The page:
Colombia has emerged from its sketchy past with a bright-eyed new attitude and a distinction as the world's happiest country.
Happiness, I realize on my fourth day in Colombia, is earned. In this case, that joy exacted 1,000 vertical feet on Emerald-City-green mountains sprouting the world's tallest palm trees - soaring mops rooted in steep glades. Hike ventured, summit gained, I face the descending velvety slopes with playground-worthy elation and an urge, recklessly heeded, to run straight down to the bottom of the Cocora Valley.
Colombia, the South American surprise now emerging on the tourism map after decades of travel-deterring drug-related violence, offers cultural capitals, some of the continent's earliest colonial history, beaches on two oceans, and rugged Andes highlands. But perhaps its greatest revelation is the aforementioned happiness.
Last year, for the second year in a row, Colombia was named the world's happiest country based on a WIN-Gallup poll of 65 nations. Here, 86 percent of Colombians responding claimed to be happy, a puzzling statistic that begged the question: How can a country so recently synonymous with corruption and drug-dealing get happy virtually overnight?
As recently as 2000, guerrillas and paramilitary groups, some still fighting for leftist causes dating back to the Cold War and others formed by drug cartels that arose in the 1970s to protect their lucrative trade in cocaine, terrorized the countryside with roadblocks, kidnappings, and bombings. It took rightist hard-liner Alvaro Uribe, president from 2002 to 2010, to curtail crime and restore order. With newfound security, the economy flourished, growing more than 4 percent annually in the past decade, outpacing most other major South American countries, a political and economic victory that perhaps explains the national sense of exhilaration.
By blending the miraculous and the ordinary, Colombian author Gabriel García Márquez, progenitor of magical realism, first hooked me on Colombia as a college student reading One Hundred Years of Solitude. The country's tourism office has seized on the genre, using magical realism to attract 3.7 million travelers in 2013, up 8.5 percent over the year prior.
It's one thing to be the hottest destination in Latin America; but given the country's nascent travel industry, limited roads, and sparse luxury hotels, it's another issue to navigate it. For that, I turned to Cox & Kings, a high-end tour operator established in 1758. From Los Angeles, Latin American destination manager Ignacio Vallin designed a unique weeklong overview of Colombia's rich variety: exciting cities, colonial gems, and unique landscapes. He promised personal attention, memorable hotels, expert guides, and "a few surprises" along the way.
Hormiga culona, or big-butt ants
Freddy Ruiz, my guide in the capital of Bogotá, expertly navigates among the estimated 40,000 who visit Monserrate, a mountaintop church, each Sunday. Here, young mothers patiently teach toddlers to climb steps, and teens snap selfies with the panorama of Bogotá's Andes-ringed basin at their feet. Beside the church, an open-air market hawks souvenir T-shirts, wine skins attached to calf hooves, and indigenous products from brown-sugared panela tea to the big-butt ants - which are salty, crunchy, and unsettlingly creamy - that Freddy insists I try.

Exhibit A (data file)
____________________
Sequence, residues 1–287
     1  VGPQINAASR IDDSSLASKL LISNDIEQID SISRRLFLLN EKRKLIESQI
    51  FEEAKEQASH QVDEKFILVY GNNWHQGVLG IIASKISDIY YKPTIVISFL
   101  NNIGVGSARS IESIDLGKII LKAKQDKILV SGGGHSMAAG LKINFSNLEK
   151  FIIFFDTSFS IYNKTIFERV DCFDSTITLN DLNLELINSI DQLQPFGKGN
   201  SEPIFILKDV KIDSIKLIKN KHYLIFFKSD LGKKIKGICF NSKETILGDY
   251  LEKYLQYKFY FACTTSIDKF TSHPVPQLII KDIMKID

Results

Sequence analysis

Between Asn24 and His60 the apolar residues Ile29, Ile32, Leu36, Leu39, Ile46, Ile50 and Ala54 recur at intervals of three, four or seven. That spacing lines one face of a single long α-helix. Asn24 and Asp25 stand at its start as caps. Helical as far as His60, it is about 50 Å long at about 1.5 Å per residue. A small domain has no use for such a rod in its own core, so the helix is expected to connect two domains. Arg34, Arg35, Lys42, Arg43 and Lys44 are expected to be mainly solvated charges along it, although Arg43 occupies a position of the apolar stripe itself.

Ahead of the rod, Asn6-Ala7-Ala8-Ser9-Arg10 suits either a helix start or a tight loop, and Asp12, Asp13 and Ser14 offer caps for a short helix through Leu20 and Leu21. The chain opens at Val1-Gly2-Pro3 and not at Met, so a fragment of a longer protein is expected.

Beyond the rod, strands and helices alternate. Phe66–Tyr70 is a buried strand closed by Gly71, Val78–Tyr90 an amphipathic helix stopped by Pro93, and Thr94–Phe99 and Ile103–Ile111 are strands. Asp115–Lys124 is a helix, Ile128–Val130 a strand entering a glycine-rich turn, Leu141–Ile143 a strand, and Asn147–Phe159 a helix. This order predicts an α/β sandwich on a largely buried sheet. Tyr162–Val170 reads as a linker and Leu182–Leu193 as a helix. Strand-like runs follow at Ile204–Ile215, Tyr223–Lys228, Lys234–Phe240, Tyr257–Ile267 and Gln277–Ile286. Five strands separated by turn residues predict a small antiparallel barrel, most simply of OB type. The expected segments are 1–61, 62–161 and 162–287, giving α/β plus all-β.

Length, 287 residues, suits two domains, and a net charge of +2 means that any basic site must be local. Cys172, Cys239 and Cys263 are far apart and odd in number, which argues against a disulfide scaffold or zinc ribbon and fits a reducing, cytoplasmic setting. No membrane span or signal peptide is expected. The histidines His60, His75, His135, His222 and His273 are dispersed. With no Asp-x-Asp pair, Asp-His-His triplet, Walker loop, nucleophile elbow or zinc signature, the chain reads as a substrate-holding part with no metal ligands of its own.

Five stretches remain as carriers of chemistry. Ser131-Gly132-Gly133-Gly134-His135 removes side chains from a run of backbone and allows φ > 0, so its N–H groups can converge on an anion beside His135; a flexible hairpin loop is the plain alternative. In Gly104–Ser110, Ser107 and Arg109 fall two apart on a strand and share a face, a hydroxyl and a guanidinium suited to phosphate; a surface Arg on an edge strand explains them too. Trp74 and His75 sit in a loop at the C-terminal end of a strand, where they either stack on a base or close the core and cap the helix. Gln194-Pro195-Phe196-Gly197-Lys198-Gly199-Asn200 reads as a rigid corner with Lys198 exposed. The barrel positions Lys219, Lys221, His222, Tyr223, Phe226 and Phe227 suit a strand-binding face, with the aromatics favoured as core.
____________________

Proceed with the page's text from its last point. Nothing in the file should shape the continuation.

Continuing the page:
"Today we do what Colombians do," beams Freddy, tucking the remaining ant snacks into my bag.
What Colombians also do on Sunday is throng the Gold Museum, a cultural highlight that makes Bogotá a natural chapter-one introduction to the country. The colonizing Spaniards' thirst for gold lured them from their initial outpost in coastal Santa Marta inland to Bogotá, drawn by the legend of El Dorado (the Golden Man). The actual El Dorado was a native Muisca shaman who made offerings of gold to the sun, a ritual simulated in the immersive sound-and-light choreography of the museum's Offering room.
"Gold represents the richness of the country," explains Freddy, connecting the ancient practice to the modern Colombian flag that's dominated by a wide band of gold, underlined by narrower stripes of blue for the oceans and red "for the blood of the patriots."
Led by Venezuela-born Simon Bolivar, Colombia won independence from Spain in 1819 as Gran Colombia, encompassing both Venezuela and Ecuador. The great patriot's statue appears in virtually every town I would visit, acquainting me with his official biography as a visionary leader and his colloquial reputation as a lover of women.
From magazine covers featuring Modern Family actress and Colombian native Sofia Vergara to curbside Madonnas posted to protect motorists, women dominate the country's popular culture. At the downtown Botero Museum, filled with paintings by Medellin-born artist Fernando Botero of voluminous subjects, mainly women, I join art lovers reveling in the splendor and hilarity of enormity, the surrealist disproportion of figures that seem to glow with an internal light.
"Botero only appears simple on the surface," says Freddy, noting references to Renaissance paintings. "You can see a cartoon, or look deeper and see more."
Absurdity and beauty define the day, capped by dinner at the lively meat-centric restaurant Andrés D.C., a 5-year-old, four-story party palace where red glass hearts inscribed with the names of García Márquez characters glow above the tables, and a quartet of musicians brings the fiesta to me, as a first-time visitor to the country, in the way of confetti butterflies and a sash worthy of Miss Colombia. "Bienvenidos!" they sing. "We're happy you're here."
The amity of moonshine
The next morning, when a crush of heedless drivers merges from three directions into one lane, I buckle up and thank the next roadside Madonna we escape Bogotá alive.
"Driving laws, like stop signs, are a suggestion," shrugs Freddy, as we set out in a chauffeur-driven Chinese-made SUV for Villa de Leyva, a pristinely preserved colonial town about four rural hours' drive from harried Bogotá. It's the best-comes-last stop in a diverting road trip to an underground cathedral in the Zipaquirá salt mine, and the pottery-making village of Ráquira, where the tinkling of ceramic wind chimes fills the streets.
Ráquira-made flowerpots line the windows of Villa de Leyva's handsome haciendas. Founded in 1572, the Andalucía-inspired town of whitewashed adobe buildings with terra-cotta-tiled roofs and balconies painted hunter green was once a respite for Spanish troops that assembled in the 150,000-square-foot cobblestone field of a central plaza. Now it's a high-desert weekend escape with historic courtyard houses carved up into hideaway restaurants. We will yet hike to a famous fossil site nearby and tour a 16th-century monastery. But for an agenda-free pause, Villa de Leyva - with its fire-lit cafés and bench-ringed square where locals invite us to share bottles of local liquor - is like the Bolivar of romance.
THE WONDER OF DAYS THREE AND FOUR